Guts, Gory and the Organization

Giulia Enders has written a delightful book on our Guts.  If the title was not sufficient the sub-title describes it all: Gut: The Inside Story of Our Bodys Most Underrated Organ.

Gut is a good read for anyone who digests food (which pretty much covers everyone living) and is a potential lesson for organizations that there is more complexity in a system then we can ever imagine.

Have Some Guts, Read Gut

Gut is a pretty easy read.  Enders presents the physiology of the Gut in a very accessible manner and explains the key functions of the major organs (e.g. stomach, small/large intestines, liver, etc.).  Originally published in German, the English translation has great cheek and humour.  In fact, Gut would make an excellent text-book for junior or senior high school biology given its easy accessibility.

As a microbiologist, Enders delves into the other organ of our body, the microbiota of the gut.  Based on current research, Enders makes the case that the dividing line between where our cells start and bacteria and other germs end is not as clear cut as we may think. For example:

  • Children born via Caesarean section are not endowed with the bugs found within their mothers’ birth canal.  As a result they must source their bugs from the environment and these may not be the most beneficial.  These children take months or years to develop a healthy gut microbiota.  They are also at a risk of developing asthma or allergies.
  • Breast feeding has a similar impact on allergies and the like.  Mothers milk not only feeds the baby but also contains nutrients galacto-oligosaccharides (GOS) to feed the child’s gut.
  • The gut’s bacteria helps to train our immune system to not only recognize threats but to also not over-react to them.  As a result, this reduces allergies, asthma and potentially juvenile diabetes.
  • We periodically wipe out all or portions of our microbiota through the use of antibiotics, poor diet and stress.  When the good bugs depart their spots can be replaced by the less than desirable who then can be difficult to displace.
  • The appendix is not a slacker who does not realize its time has passed.  Current research indicates that the appendix is a store house of good bacteria that can repopulate the gut if the intestines have been flushed due to diarrhea.

Organization’s Need Guts

Ender has not only written a very accessible book that discusses such delicate matters as what our poop should look like, she has reminded us that perceptions of systems are based on best available information at a point in time.  For the gut, bacteria are necessary to not only break down food but to also stress the immune system so it does not over or under react.  Structures such as appendices may appear useless but turn out to be vital to our long term health.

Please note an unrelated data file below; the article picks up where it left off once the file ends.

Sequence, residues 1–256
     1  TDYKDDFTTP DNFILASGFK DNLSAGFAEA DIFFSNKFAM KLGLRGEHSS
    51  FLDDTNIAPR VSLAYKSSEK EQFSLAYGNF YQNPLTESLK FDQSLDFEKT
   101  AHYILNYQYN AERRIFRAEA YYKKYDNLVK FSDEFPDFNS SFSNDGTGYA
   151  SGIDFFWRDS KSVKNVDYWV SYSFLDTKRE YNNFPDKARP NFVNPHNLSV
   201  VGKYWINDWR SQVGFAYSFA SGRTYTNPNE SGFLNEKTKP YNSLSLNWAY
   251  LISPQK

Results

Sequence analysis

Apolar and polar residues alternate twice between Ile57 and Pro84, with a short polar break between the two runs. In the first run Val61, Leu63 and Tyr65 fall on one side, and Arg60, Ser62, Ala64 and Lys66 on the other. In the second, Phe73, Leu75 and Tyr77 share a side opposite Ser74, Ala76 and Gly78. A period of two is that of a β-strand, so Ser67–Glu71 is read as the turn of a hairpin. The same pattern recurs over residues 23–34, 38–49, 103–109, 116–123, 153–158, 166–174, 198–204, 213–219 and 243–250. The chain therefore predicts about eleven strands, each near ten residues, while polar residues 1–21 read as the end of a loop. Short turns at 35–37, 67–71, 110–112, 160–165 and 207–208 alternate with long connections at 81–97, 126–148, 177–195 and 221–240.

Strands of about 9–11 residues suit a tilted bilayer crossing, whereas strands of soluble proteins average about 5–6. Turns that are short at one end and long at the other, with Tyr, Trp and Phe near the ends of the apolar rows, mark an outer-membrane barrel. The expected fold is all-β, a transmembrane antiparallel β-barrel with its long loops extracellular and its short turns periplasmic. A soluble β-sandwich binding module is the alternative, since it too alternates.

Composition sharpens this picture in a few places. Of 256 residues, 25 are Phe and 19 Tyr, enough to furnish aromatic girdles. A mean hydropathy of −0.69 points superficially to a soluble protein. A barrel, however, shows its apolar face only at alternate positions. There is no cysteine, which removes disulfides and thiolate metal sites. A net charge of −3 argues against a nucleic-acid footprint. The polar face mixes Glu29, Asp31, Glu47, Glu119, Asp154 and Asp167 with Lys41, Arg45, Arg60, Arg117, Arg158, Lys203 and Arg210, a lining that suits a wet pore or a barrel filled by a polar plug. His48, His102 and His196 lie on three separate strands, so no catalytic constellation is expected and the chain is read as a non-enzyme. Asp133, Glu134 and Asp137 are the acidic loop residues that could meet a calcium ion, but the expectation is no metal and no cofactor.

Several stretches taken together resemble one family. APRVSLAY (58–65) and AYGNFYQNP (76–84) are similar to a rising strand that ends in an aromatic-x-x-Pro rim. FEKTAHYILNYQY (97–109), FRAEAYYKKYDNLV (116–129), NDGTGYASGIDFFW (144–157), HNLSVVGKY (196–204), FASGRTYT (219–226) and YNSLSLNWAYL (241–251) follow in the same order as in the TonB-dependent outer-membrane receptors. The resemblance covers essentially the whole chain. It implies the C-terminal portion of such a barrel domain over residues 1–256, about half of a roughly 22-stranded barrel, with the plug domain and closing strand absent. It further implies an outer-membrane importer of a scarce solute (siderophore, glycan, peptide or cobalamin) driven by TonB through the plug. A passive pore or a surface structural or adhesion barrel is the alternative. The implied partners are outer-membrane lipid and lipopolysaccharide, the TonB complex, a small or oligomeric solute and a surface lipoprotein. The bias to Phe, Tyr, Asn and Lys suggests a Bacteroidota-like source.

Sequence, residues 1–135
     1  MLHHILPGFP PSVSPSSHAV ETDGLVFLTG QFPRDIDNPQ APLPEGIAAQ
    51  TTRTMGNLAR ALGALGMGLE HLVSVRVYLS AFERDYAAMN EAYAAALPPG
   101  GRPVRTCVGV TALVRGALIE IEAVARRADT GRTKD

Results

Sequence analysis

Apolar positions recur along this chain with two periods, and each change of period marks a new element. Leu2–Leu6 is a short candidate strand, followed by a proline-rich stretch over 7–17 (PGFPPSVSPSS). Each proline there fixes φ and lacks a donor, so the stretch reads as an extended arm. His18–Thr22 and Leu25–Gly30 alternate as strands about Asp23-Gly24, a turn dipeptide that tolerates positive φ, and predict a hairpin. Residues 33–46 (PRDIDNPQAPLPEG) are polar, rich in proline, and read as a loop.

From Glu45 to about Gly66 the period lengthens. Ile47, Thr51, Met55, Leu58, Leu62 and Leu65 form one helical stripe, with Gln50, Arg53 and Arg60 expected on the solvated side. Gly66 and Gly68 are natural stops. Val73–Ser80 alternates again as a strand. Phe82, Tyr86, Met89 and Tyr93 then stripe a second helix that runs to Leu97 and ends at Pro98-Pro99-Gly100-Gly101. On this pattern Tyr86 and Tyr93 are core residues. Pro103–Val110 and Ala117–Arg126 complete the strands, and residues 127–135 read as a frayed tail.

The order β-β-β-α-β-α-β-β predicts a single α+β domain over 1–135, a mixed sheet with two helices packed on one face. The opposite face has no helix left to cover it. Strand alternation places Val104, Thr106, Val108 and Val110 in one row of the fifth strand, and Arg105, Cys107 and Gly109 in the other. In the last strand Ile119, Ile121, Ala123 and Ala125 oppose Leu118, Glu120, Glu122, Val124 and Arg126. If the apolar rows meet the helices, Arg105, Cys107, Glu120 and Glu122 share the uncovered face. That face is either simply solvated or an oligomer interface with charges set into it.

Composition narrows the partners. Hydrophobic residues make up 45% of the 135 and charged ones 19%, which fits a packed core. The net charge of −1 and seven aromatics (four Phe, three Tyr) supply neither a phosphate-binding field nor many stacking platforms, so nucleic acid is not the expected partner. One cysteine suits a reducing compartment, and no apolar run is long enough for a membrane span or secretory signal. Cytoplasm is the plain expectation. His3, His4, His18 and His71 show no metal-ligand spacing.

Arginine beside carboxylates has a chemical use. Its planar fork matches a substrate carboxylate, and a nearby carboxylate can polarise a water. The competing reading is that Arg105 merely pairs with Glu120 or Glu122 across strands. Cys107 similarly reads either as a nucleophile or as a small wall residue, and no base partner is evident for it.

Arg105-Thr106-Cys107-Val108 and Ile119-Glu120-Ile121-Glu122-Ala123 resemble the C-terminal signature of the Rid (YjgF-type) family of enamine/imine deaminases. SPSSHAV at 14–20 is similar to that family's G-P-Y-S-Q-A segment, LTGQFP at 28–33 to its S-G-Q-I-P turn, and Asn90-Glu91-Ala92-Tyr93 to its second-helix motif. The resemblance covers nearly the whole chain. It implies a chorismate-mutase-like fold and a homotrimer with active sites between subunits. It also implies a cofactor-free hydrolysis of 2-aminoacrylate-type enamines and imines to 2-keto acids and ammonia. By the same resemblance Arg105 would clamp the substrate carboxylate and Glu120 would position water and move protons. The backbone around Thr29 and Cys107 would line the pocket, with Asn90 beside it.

The gut can be used as an analog for organizations.  Poop jokes aside, a healthy organization is more complex and mysterious then it first appears.  While we may be inclined to oversimplify them, organizations have interactions and systems that may not be immediately apparent.

Elevators are Like Guts – They Mix and Separate

Here is one small example: riding elevators.  In my building a new system has replaced the traditional ‘up’ button with destination buttons.  Rather then jumping on the first elevator going up, you select your floor and proceed to that lift going exactly to that floor plus perhaps a few floors above and below yours.

This system has dramatically improved the speed by which people are carried to their floors – and it has cut the accidental and random interactions of people.  Previously who you got on with was chance.  As a result, there was an opportunity to interact with a variety of people who you may only see intermittently.  Now the elevator ride is much more homogenous – you ride with people from one floor above or below.

More efficient, yes – beneficial to the organization – not necessarily.  In as much as good bacteria trains our immune system and a diverse flora is better for us, random interactions and non-sterile organizational mixing is also of value.  Good organizations need slight agitation, a diverse culture and some randomness to be effective and healthy – just like a good gut.  In addition, organizations should recognize that individuals who may not seem to be part of a main structures may in fact have a disproportionate impact on the health of the culture.  Introducing the occasional disruptive employees/contractors, the mail room clerk who is a clearing house of information across many floors or a cafeteria that promotes chance encounters vertically and horizontally across the organization.

Embrace your Internal and Organizational Micro-biota

The gut is more complex than we ever imagined and has a stronger influence well beyond converting food to energy and nutrition.  In the same way, organizations are more complex then we can imagine and elements we may think of being without use can turn out to be instrumental to its health.  Enjoy Enders’ gut and good luck with your biotas – both the micro and organizational varieties.